Web Tags Leverage RFID and the InternetFebruary 16, 2010
The low-power wireless tags collect data, digitize them, and communicate them wirelessly to the Internet to create an "instrumentation cloud" in which measurement data are available for use by Web-enabled applications.
AUSTIN, TX -- With its Tag4M WiFi sensor tag, Cores Electronic is taking advantage of RFID technology as well as the latest developments in Internet technology to introduce a new concept in the way we perform measurement and analysis: the "instrumentation cloud". Decades ago, the first instruments collected and analyzed real-world measurements all in one box; then came instrument front ends that connected to PCs Now we are entering a new era where not only is the wireless hardware freed from the confines of cabling, the software is no longer relegated to a specific PC. Instead, measurement front ends connect to the Internet and a web page becomes the instrument, which users can access from anything that can surf the web including mobile devices such as the iPhone.
The tool that implements this revolutionary concept is the Tag4M, which is remarkable on both the hardware and software fronts. Because it leverages RFID technology, this small, credit-card sized measurement board, also called a "WiFi tag", not only collects analog data and performs digital I/O, it communicates directly with any commercially available WiFi access point (AP) or wireless router. In addition, extremely low power consumption means that, depending on the frequency of wake-up periods, a tag can operate on one 3V CR-123A lithium battery literally for several years. The growing use of RFID technology also results in low cost, with volume prices for the Tag4M WiFi tag dropping as low as $50.
In operation, when a Tag4M initially boots up or waking up after having been in Sleep mode, it searches for and automatically associates with an off-the-shelf 802.11b/g access point. Each Tag4M unit has its own permanent MAC address, and it shares a common SSID (default network name) with the AP so it can transfer data and accept commands from any predetermined web page. Users can also connect the AP to a LAN to operate a Tag4M in Local mode.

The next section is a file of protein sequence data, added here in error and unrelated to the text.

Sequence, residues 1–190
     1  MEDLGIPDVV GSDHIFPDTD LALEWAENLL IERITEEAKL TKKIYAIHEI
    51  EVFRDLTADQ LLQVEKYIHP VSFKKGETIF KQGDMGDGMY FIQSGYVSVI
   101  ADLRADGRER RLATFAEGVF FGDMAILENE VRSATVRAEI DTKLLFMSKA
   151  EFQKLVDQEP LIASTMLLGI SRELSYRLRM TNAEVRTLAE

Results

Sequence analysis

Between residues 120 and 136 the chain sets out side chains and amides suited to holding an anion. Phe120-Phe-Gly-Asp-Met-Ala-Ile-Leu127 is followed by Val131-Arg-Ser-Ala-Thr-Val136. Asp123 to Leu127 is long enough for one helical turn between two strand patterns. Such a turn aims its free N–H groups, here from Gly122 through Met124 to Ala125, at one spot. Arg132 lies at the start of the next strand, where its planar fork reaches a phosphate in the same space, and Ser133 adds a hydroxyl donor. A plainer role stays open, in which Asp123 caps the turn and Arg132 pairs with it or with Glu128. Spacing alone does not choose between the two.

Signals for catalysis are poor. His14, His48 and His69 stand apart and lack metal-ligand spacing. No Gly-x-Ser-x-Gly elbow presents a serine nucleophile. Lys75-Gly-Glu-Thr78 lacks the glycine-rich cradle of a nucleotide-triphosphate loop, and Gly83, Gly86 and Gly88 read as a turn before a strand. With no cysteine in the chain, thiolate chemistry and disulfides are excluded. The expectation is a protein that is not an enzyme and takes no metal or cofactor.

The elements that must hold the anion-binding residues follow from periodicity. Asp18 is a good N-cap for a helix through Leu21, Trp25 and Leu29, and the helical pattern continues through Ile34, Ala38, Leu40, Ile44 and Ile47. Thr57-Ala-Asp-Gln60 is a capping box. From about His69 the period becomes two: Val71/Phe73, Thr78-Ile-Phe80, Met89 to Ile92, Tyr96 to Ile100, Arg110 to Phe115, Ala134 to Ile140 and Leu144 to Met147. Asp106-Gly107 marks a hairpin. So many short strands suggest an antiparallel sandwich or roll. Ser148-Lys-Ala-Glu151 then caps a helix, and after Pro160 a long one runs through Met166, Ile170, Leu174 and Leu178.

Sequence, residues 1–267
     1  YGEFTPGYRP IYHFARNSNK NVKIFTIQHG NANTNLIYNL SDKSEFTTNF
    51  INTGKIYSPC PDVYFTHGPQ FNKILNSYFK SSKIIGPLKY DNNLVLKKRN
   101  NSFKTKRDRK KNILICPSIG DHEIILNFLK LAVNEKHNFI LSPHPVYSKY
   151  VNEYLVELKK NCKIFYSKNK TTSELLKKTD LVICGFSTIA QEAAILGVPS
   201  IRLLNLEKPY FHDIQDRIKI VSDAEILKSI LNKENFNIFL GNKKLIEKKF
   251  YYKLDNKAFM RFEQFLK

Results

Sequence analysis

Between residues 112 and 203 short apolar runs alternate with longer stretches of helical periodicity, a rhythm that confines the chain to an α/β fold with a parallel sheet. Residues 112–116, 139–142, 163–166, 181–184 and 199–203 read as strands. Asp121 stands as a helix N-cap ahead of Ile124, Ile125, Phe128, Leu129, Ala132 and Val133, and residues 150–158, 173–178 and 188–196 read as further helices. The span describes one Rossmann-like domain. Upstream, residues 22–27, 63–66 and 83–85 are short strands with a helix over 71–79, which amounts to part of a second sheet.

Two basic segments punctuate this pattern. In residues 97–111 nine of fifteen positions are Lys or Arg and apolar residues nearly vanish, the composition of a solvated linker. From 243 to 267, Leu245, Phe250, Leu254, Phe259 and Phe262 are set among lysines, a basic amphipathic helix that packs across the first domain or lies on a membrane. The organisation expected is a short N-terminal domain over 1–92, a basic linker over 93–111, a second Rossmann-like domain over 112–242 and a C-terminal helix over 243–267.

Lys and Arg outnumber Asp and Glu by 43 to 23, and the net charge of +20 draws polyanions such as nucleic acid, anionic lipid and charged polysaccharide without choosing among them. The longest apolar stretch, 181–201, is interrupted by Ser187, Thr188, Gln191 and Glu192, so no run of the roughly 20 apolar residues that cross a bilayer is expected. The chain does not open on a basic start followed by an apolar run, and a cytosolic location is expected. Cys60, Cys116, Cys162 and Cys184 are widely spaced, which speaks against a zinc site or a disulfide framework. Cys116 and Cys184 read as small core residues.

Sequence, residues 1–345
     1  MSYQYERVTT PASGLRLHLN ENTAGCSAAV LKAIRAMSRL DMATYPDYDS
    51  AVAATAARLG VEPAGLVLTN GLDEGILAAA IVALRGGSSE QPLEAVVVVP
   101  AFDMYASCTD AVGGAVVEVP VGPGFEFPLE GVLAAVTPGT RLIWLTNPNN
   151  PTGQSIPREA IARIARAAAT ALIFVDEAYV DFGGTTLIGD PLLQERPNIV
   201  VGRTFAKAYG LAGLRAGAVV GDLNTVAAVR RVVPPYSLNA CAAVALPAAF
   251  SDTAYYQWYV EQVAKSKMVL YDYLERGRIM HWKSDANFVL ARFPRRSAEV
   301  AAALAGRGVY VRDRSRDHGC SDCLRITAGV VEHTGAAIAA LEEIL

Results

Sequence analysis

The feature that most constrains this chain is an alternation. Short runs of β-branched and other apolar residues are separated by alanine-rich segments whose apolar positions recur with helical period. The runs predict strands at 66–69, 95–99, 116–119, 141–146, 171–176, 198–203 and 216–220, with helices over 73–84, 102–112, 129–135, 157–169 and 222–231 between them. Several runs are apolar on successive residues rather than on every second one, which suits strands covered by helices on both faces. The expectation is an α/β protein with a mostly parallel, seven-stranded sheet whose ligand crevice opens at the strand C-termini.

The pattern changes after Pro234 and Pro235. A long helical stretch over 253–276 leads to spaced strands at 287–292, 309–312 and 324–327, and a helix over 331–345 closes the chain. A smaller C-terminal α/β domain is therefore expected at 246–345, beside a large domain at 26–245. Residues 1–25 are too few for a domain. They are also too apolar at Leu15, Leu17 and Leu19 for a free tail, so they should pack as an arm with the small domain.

Even with its low power consumption, the Tag4M's WiFi radio chip and ceramic antenna spec a range of 50 m indoors and 100 m outdoors. Upon association with an AP, the tag sends digitized sensor data over the Internet for any web-based applications to use. None of the existing measurement methods are set up to do this because at present there is little use for raw sensor data being available on the Internet. But with web-enabled applications starting to emerge, the "instrumentation cloud" scheme presents an enormous opportunity. Our vision is that users will route sensor data packets to dedicated computers located anywhere on the Internet, and they will either use local software or run web-based programs for computation, simulation, modeling, analysis and presentation.
Besides the WiFi link, the tag integrates a temperature sensor and provides 5 voltage/current input channels and 4 digital I/O lines. When transmitting it requires roughly 200 mA, and in sleep mode consumption drops to < 10 µA. This means that if the sleep period between readings/transmissions is 1 s, battery life is 52 hr.; with a sleep period of 500 s, lifetime extends to 2 yr.
"Our WiFi tag heralds of a new way of collecting real-world data where we are throwing off the chains that bind us to specific hardware and software," says company president Marius Ghercioiu. "Most wireless sensor units currently on the market are designed to work in Local mode with a computer running a specific software application. In contrast, we designed the Tag4M to interface with a web page, which can be hosted on any web-enabled hardware, whether in your pocket or across the country. Furthermore, given the advent of web-based applications with a model being Google Docs, everything except the physical I/O will take place on the web — logging measurements into a database, performing analysis or displaying the data, it can all take place independent of specific hardware. In this way, we are starting to think about an 'instrumentation cloud' where not only the sensors but also the logging and analysis and control programs can be anywhere you want them."
The Tag4M WiFi sensor tag is available from stock. Price: $124 in single units with aggressive quantity discounts.
Most Read Articles